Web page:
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D.C. food trucks’ protest leaves folks hungry
Question of the Day
Anastasia Dent rode a light-blue bicycle into Farragut Square in Northwest on Monday afternoon to meet a friend and try the fare of one of the nearly 20 food trucks that lined the perimeter of the park.
But instead of serving meals, the colorful kitchens that usually offer lobster rolls, piping-hot slices of pizza or spicy empanadas were closed — a demonstration of what the lunch hour could be like under new regulations proposed by city officials.
"That's crazy. I even brought picnic blankets," said Ms. Dent after her friend told her the trucks weren't operating.
Ronnie McGriff also had to change his lunch plans when he learned that his usual stop in the park had nothing to offer. But he took the news of the demonstration in stride.
"I understand the need for protesting. It's all some owners have," Mr. McGriff said of the people who operate the small businesses. "And it's not fair — especially for people traveling to D.C. You want them to have a different experience. Food trucks are very convenient and you get to try food you haven't experienced before."
What started as a handful of trucks a few years ago, the mobile vending environment in the District now includes more than 150 trucks, which sell everything from cupcakes to Asian noodles, barbecue to gourmet macaroni and cheese.
Every weekday, the fleet of food trucks spreads out across the District to various hot spots for lunchgoers, including Farragut Square, Franklin Park, L'Enfant Plaza and Union Station.
Opportunities and options are just part of the argument that the Food Truck Association of Metropolitan Washington is using as it fights proposed legislation that it says severely restricts their business and deprives consumers of their right to choose what's on their plates.
City leaders and the District's restaurant association have taken issue with the food trucks, citing unfair advantages such as taking up valuable parking spots and choking business from restaurants that cannot simply drive to a new location.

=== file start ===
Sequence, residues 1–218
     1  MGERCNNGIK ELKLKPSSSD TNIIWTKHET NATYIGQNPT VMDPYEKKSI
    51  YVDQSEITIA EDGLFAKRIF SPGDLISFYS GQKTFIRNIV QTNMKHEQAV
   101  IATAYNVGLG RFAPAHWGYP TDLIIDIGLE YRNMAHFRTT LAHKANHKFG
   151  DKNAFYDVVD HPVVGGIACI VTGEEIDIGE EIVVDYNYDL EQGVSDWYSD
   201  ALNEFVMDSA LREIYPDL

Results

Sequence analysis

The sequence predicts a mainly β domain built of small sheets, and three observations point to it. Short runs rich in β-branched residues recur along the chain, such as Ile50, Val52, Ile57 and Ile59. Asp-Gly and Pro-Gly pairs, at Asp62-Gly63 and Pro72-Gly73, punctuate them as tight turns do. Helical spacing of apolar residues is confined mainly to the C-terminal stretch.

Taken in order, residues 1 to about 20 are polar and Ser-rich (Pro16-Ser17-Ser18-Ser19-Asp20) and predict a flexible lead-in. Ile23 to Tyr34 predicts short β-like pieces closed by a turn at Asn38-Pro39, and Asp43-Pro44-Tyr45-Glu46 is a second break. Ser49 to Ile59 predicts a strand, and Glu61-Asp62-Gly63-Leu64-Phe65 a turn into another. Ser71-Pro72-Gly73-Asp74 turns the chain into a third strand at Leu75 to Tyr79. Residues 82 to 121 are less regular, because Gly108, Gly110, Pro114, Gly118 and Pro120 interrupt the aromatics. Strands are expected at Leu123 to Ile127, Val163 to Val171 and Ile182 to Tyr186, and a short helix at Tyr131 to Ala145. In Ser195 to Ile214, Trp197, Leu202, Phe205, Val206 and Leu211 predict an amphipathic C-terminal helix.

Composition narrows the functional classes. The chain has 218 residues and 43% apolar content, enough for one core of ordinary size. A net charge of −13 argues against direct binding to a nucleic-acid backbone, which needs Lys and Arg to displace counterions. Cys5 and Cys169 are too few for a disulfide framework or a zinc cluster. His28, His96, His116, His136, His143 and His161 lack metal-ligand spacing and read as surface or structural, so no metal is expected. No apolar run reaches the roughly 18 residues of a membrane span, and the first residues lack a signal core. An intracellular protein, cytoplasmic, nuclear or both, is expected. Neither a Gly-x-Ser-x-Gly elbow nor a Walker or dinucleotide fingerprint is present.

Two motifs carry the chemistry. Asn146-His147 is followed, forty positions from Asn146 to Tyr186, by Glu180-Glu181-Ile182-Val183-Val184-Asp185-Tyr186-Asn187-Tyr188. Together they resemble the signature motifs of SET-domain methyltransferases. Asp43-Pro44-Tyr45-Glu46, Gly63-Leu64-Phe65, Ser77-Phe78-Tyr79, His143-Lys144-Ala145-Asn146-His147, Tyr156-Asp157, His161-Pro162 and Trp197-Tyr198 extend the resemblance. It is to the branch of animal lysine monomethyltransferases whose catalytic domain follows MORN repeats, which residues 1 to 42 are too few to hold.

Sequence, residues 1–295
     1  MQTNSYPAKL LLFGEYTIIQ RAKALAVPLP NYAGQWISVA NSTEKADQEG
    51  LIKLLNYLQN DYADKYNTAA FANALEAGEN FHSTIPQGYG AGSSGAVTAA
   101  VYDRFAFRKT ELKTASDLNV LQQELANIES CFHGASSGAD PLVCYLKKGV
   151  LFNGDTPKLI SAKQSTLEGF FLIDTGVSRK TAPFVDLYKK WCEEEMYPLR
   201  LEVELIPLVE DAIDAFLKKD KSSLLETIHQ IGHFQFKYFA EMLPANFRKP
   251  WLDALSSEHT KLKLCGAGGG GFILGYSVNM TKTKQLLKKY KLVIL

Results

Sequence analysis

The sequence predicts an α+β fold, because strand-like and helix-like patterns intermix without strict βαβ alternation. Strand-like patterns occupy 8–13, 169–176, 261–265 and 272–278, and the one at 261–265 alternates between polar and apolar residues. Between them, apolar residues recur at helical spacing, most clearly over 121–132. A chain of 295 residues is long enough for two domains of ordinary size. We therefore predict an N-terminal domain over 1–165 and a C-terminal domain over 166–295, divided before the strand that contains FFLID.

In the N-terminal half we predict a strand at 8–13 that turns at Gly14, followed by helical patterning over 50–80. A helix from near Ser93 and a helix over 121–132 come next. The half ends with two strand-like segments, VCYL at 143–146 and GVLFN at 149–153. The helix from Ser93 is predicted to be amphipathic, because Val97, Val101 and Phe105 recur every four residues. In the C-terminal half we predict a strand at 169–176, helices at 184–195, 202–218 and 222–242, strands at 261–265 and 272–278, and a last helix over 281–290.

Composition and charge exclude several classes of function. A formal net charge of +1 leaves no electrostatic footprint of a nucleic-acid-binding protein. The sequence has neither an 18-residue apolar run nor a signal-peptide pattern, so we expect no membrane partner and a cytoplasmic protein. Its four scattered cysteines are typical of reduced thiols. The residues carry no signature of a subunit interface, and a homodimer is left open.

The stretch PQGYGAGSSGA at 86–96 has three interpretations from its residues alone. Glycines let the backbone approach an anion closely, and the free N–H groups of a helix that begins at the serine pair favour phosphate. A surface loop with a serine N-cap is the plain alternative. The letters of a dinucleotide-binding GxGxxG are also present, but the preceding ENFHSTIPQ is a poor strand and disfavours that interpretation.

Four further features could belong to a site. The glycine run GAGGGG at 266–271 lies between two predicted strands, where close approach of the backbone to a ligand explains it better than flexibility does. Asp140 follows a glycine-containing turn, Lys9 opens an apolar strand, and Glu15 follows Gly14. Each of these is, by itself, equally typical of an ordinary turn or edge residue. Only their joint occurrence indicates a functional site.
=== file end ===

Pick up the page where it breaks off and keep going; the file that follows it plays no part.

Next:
"We understand the need for managing what's going on in public spaces, but the problem is the city's created a one-size-fits-all approach to the entire city," said Doug Povich, chairman of the Food Truck Association and co-owner of Red Hook Lobster Pound-DC.
The D.C. Council is scheduled to discuss the proposed regulations at a hearing Friday.
The most recent version of the proposed regulations have bred contention among the food truck association and its fans.
Among the suggestions are that food truck owners put their names into a monthly lottery for a paid parking spot in one of the designated "mobile roadway vending" locations in the city. Food trucks that do not win a spot would not be allowed to park within 500 feet of the assigned spaces and must park on a stretch of sidewalk that is at least 10 feet long.
Juggling her 8-month-old son, Kristi Whitfield, co-owner of Curbside Cupcakes, looked around Farragut Square on Monday and said the reason for the association's pushback is that "instead of competition, we're talking about traffic congestion."
"You have to trust the market. You have to trust the customer," Ms. Whitfield said. "You shouldn't look to the government to regulate consumer choice."
Ms. Whitfield's bright pink truck was parked on the western side of the block, and like the others parked near it, had a large red and white sign asking people to "Save DC Food Trucks."
Passers-by took stickers with the same message on them, but that was all they walked away with if they approached the trucks looking for food. One owner said on a typical Monday he could make anywhere from $700 to $1,200 during the lunch rush.
"Some trucks could not come because they said they could not afford to do this," Ms. Whitfield said. "We can't afford not to."
© Copyright 2014 The Washington Times, LLC. Click here for reprint permission.
About the Author
Meredith Somers is a Metro reporter for The Washington Times. She can be reached at email@example.com.
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